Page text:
ROME – Syria’s food security situation has significantly deteriorated over the past year and domestic agricultural production will further decline over the next 12 months if the present conflict continues, according to a new report published by the UN Food and Agriculture Organization (FAO) and the World Food Programme (WFP).
“Crop and livestock production, food availability and access to food have all taken an increasingly heavy toll over the last year,” said the FAO/WFP report issued after a Crop and Food Security Assessment Mission visited Syria between May and June.
If the present conflict continues the food security prospects for 2014 could be worse than they are now, the report states. “With so many adverse factors now stacked against the crop and livestock sectors, and assuming that the present crisis remains unresolved, domestic production over the next twelve months will be severely compromised.”
“There is a limited window of opportunity to ensure crisis-affected families do not lose vital sources of food and income,” the two UN organizations said.
The FAO/WFP Mission forecasts a wheat import requirement of about 1.5 million tonnes for the current 2013/2014 season. Current wheat production is 2.4 million tonnes, some 40 percent less than the annual average harvest of more than 4 million tonnes before the crisis and 15 percent lower than the reduced harvest of 2011/2012.
The livestock sector too “has been seriously depleted by the on-going conflict,” the report says. Poultry production is estimated to be down by more than 50 percent compared with 2011, while sheep and cattle numbers have also significantly declined.”
Household food insecurity has been driven up by massive population displacement, disruption of agricultural production, unemployment, economic sanctions, currency depreciation and high food and fuel prices. The average monthly price of wheat flour more than doubled between May 2011 and May 2013 in several locations. With serious bread shortages across the country, this April WFP started distributing wheat flour.
Food production has been hampered by high costs and reduced availability of inputs, damage to agricultural machinery and storage facilities, the threat of violence and the flight from the land by farmers. Some crops may not be harvested, the report warns.
Irrigation canals and cotton mills, among other infrastructure, have also suffered damage. Wheat flour milling factories and bakeries are either no longer operating or are operating at low capacity. In addition, sanctions have exacerbated the situation, leading to shortages of agricultural inputs, crop-protection materials, diesel, and spare parts.
There has been a very substantial exodus from Syria over the last 18 months, including 1.6 million refugees who have been registered and others who are awaiting registration.
With the veterinary sector significantly eroded and vaccines in short supply, there is a serious risk that livestock diseases could be transmitted to neighbouring countries. In order to avoid a serious regional animal health problem, vaccines need to be provided and cold chains re-established in order to facilitate their distribution, the Mission recommends.
Other recommendations include repairing rural infrastructure and providing inputs, tools, technical advice and provide access to land to those who have had to leave their homes.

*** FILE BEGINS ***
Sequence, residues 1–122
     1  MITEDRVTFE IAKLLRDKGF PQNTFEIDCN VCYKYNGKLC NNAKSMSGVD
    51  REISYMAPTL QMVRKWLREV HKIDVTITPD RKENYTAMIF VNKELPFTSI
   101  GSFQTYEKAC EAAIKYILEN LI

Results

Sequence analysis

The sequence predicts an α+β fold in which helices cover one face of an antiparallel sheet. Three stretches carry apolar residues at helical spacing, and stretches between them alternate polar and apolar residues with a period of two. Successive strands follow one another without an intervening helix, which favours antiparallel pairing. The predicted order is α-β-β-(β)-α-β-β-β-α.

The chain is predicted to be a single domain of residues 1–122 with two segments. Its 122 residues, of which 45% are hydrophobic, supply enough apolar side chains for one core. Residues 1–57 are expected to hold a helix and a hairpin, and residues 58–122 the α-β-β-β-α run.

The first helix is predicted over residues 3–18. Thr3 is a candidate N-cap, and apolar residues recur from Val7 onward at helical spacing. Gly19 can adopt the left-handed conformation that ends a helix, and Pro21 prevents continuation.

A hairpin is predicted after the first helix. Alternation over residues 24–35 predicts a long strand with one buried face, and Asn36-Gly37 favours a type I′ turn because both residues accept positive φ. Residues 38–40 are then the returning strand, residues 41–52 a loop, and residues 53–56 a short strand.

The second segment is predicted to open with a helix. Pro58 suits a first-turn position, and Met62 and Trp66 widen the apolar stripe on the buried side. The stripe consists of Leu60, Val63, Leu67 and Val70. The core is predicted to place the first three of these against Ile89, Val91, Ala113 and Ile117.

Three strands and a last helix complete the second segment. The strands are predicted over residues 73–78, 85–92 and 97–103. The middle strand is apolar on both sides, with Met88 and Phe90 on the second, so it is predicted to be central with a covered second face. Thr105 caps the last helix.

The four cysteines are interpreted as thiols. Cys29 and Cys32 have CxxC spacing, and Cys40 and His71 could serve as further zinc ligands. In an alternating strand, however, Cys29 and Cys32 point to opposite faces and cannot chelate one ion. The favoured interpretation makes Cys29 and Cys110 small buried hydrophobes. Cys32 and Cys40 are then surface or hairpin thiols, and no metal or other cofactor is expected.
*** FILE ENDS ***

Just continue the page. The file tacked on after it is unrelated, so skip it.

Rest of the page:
Since the beginning of this year, FAO has supported close to 70 000 people. Assistance provided includes animal feed, poultry packages, small ruminants, and seeds and tools. With available funding, FAO will be providing support to a further 216 000 people with similar assistance.
Working with partner organisations in Syria, WFP reached 2.5 million people with food assistance in June, is planning to feed 3 million people in July and is ramping up logistics and operational capacity to feed 4 million people by October. In addition, WFP is providing food assistance to nearly one million refugees sheltering in neighbouring countries.
FAO has issued an urgent appeal for $41.7 million to assist 768 000 people. So far, only $3.3 million or less than 10 percent has been received. The funds are needed for seeds, fertilizer and veterinary supplies as well as cash-for-work programmes.
Support to the coming planting season will be critical. Funding must be secured by August in order to provide farmers with fertilizers and seeds to plant in October. Without such support, many will be unable to harvest wheat until mid-2015.
WFP is seeking to raise more than $27 million every week to meet the food needs of people affected by the conflict both inside Syria and in neighbouring countries. Under the revised Syrian Humanitarian Assistance Response Plan (SHARP), WFP’s requirements for its operations inside Syria alone until the end of 2013 totalled $490 million. For the July – September period the WFP operation in Syria is only 48 percent resourced.
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WFP is the world's largest humanitarian agency fighting hunger worldwide. Last year, WFP reached more than 97 million people in more than 80 countries with food assistance.
The Food and Agriculture Organization leads international efforts to defeat hunger. We help developing countries and countries in transition modernize and improve agriculture, forestry and fisheries practices and ensure good nutrition for all. FAO focuses special attention on developing rural areas, home to 70 percent of the world's poor and hungry people.
For more information please contact:
Jane Howard/WFP Tel:+202 25281730 Mob:+39 346 7600521 jane.howard @wfp.org
Dina ElKassaby/WFP Mob: +96279867 4638 firstname.lastname@example.org
Erwin Northoff/ FAO Media Relations +39 06 570 53105 +39 348 25 23 616 email@example.com